Now I wanted to know, was there any chance Dr. Z. could prescribe the infusion?

There was not.

I then asked about the diametric opposite treatment extreme; some people I admired were treating their MS with diet and exercise alone. I have a great diet and exercise regime; was it possible that my lifestyle was responsible for my apparent good health? Could I possibly experiment with a medication vacation, once my supply of Zinbryta ran out?

And that’s when Dr. Z. said gently, “You don’t have any brain left to experiment with.”

Sometimes the truth hurts, at least for a moment. But in my experience, the truth is always more manageable than any lie. I thanked him. It was actually comforting to hear confirmation of what I feel, and conceal, every day. That every day I perform a thousand little miracles just to make it through.

Did I cry? Yes. In the elevator, a little. And one big sob in the car. But I was calm through the appointment.

Dr. Z. observed that medications alone were never sufficient for MS treatment. The patients he’d had on the best medication available to him still got MS relapses if they continued to make poor lifestyle choices.

We agreed that I had to stick to good lifestyle choices…and to the good medication that has worked for me thus far. I have (present tense) a very severe case of MS. Thanks to Zinbryta, I also have the luxury to expect that the next time I see him will be for a follow up appointment in three months, and not in a state of emergency during the MS relapse I can’t afford to endure.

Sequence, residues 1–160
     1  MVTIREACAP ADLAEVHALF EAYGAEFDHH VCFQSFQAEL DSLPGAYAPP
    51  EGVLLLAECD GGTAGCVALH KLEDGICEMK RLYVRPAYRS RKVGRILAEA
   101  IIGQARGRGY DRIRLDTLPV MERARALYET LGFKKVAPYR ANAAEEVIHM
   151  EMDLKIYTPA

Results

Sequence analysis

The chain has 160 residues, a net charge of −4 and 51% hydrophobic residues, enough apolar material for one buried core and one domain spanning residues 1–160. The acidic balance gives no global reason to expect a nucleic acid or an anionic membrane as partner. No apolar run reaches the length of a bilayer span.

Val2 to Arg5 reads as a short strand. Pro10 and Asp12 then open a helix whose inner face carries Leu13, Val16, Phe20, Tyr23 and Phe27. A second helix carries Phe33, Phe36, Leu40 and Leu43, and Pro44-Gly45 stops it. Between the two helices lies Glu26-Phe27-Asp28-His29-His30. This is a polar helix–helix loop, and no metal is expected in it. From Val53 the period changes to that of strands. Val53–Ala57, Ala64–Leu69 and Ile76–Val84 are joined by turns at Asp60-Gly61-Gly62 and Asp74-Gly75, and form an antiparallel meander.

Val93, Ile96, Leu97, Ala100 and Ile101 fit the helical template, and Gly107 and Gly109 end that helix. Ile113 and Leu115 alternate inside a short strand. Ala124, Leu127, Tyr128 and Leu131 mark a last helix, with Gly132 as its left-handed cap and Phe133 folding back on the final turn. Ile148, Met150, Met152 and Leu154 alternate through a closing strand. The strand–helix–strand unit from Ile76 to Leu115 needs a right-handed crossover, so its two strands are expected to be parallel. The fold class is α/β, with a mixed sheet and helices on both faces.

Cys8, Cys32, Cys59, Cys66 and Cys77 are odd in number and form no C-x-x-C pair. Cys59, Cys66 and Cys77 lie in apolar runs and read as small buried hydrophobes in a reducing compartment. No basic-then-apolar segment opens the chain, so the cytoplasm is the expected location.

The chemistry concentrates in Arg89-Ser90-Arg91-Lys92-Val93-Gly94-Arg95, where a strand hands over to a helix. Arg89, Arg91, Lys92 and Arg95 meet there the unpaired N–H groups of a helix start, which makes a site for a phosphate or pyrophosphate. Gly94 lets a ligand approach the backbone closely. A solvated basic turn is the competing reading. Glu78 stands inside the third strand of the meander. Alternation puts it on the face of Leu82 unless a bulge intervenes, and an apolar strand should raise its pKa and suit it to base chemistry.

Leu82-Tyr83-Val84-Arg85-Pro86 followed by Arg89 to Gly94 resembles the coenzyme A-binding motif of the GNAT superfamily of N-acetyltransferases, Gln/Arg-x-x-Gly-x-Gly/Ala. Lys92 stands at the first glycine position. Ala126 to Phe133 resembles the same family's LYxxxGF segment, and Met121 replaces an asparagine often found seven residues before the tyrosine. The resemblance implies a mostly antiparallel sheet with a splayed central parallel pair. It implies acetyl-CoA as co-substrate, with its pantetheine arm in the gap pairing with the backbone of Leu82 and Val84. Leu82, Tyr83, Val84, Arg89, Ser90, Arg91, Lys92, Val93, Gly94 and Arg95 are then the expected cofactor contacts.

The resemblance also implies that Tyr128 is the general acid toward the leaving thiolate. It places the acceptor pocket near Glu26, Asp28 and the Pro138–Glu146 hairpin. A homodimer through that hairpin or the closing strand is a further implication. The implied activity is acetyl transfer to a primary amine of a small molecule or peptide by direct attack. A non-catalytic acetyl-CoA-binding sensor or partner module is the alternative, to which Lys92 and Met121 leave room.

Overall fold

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Type A

Today a specialist asked me if I had a certain personality.
I may have responded with an arch look.
He rephrased the question. “How would you describe yourself? Your personality? ”
I knew where he was going with that line of questioning. He wanted me to confirm his at-a-glance hypothesis that I am a Type A personality. Apparently The Specialist subscribes to the popular theory that Type A personalities are more prone to autoimmune diseases like multiple sclerosis (MS.)
“Has anyone ever told you that you are a control freak?”
He has nothing to gain from this line of reasoning. Think about it. Of the two of us, who is more likely to have a Type A personality: the guy with the medical degree, or the gal with the MFA?